The dimensions of the licking that the Grand Old Party took at the polls on Tuesday are still unfolding, but Republican leaders and rank-and-file members alike are trying to figure out, exactly, just where they go from here.
They certainly wasted little time in getting started. U.S. Sen. Marco Rubio, a Florida Republican, already was communicating via social media in the wee hours of Wednesday that his party needs a new outreach to Hispanics and other minorities — but one based on the appeal of conservative principles such as the importance of the family and hard work.
Beyond that basic formula, there's little agreement within the party ranks about where and how Republicans need to proceed in order to bolster the flagging morale of partisans, try to make back some of the lost ground in elections in 2014 and, of course, ultimately do better in capturing the White House in 2016 when two-term President Obama can't run again.Continue reading...
Posted by Dale Buss on November 1, 2012 09:03 AM
Pfizer drops on weaker sales of specialty care drugs and emerging market slump, plans to buy back up to $10B in shares.
UK lawmakers prepare to grill Starbucks, Amazon and Google on taxes.
Con Edison makes progress in restoring NYC neighborhoods' power, while MTA offers free fares in bid to get New York moving again.
Apple's Cook fields his A-team before a wary Wall Street.
Avon sees sales drop in China and the U.K.
Barclay's hit with record U.S. fine.
Burger King tests delivery service in Florida.Continue reading...
Posted by Dale Buss on October 16, 2012 06:47 PM
If you're a Republican politician in the Upper Midwest, you may appreciate what Wisconsin's Republican governor, Scott Walker, has done to advance the cause of GOP politics, balanced state budgets, restraints on taxes and anti-unionism with his efforts to roll back the costs and power of public-sector unions. But for some of the same reasons, you probably aren't eager to see an aggressive "Brand Wisconsin" trying to get the companies in your state to expand or relocate in the Badger State.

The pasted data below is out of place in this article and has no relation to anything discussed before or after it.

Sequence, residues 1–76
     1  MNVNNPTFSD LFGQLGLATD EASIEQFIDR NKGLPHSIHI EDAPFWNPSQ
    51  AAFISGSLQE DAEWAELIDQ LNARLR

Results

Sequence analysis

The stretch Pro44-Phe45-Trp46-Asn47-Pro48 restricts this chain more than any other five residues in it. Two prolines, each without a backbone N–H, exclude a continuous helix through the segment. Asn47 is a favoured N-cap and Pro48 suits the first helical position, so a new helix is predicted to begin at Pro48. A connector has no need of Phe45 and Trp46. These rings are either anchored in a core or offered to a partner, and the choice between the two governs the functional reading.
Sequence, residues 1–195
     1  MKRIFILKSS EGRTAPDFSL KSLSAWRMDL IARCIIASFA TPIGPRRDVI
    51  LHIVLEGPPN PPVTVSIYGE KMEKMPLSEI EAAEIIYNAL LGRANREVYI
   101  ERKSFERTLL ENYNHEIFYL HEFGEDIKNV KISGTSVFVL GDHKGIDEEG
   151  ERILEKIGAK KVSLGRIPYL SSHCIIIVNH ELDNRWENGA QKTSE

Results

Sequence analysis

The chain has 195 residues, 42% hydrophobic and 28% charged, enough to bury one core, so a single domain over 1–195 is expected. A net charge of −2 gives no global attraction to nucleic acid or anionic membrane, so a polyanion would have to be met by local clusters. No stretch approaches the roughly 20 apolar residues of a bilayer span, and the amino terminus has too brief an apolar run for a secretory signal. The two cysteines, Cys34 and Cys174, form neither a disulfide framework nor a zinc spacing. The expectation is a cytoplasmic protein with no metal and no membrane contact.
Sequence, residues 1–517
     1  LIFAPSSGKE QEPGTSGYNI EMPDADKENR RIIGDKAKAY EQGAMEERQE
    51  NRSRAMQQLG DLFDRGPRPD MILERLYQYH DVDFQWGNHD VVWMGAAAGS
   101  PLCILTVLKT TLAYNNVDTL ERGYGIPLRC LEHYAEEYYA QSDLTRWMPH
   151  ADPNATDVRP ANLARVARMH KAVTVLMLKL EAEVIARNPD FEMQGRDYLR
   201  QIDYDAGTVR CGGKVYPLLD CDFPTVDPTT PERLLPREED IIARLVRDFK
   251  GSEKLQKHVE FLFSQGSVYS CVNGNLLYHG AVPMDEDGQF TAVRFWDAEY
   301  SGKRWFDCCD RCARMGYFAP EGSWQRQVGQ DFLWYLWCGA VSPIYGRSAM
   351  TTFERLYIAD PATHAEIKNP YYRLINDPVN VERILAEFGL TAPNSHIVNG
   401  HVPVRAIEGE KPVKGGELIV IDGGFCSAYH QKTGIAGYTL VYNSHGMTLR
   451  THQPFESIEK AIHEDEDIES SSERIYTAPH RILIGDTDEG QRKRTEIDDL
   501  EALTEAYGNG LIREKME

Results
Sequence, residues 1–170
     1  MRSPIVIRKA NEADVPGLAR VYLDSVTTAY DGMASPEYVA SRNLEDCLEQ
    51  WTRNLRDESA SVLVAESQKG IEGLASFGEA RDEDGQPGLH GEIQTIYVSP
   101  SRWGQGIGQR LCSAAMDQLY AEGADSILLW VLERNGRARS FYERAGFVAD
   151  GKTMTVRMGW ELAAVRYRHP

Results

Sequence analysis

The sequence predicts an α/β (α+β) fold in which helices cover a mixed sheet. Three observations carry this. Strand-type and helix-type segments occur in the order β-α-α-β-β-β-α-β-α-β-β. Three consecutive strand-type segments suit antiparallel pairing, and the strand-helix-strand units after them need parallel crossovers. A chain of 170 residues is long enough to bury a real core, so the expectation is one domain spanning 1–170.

Nevertheless, Walker himself is spearheading "In Wisconsin," a state branding and advertising campaign that the Wisconsin Economic Development Corporation is promoting to try to lure more companies and jobs toward the Cheesehead State. The WEDC will spend $2 million this year on the campaign featuring well-known Wisconsin-based brands such as Organic Valley, Schneider National, Rockwell Automation, and Trek Bicycles, including web-only videos and print ads running in Illinois and the Twin Cities as well as Wisconsin. The new platform features an image of the state with the word "in" highlighted.
"We can offer a great deal to many companies that are looking to grow," Walker told brandchannel. "The pitch isn't just that we've got great [relocation] incentives but that our long-term bonds are strong, our budget is balanced, and our taxes are going down."Continue reading...
Posted by Abe Sauer on October 3, 2012 03:29 PM
With little to gain and a lot to lose, playing politics is something brands generally do from a position of neutrality ("7-Election"), low-brow humor (Gas-X's "Gas Crisis") or outright mocking of the system (Etch A Sketch; Reebok's 2003 Terry Tate candidacy). So when the Most Interesting Man in the World chose to host a fundraising event for President Barack Obama, Dos Equis's parent Heineken USA was understandably vexed, forced into one of those frustrating statements all brands hate to make that include the words "views are strictly his own, and do not represent."
But maybe Dos Equis — and Heineken — should play to their brand strengths. According to a recent study, both brands' drinkers trend Democratic, with the former rated the most popular beer amongst lefties. So when viewers drunkenly yell at the TV during the first 2012 presidential debate on Wednesday, chances are they will do so with very partisan bottles in hand.Continue reading...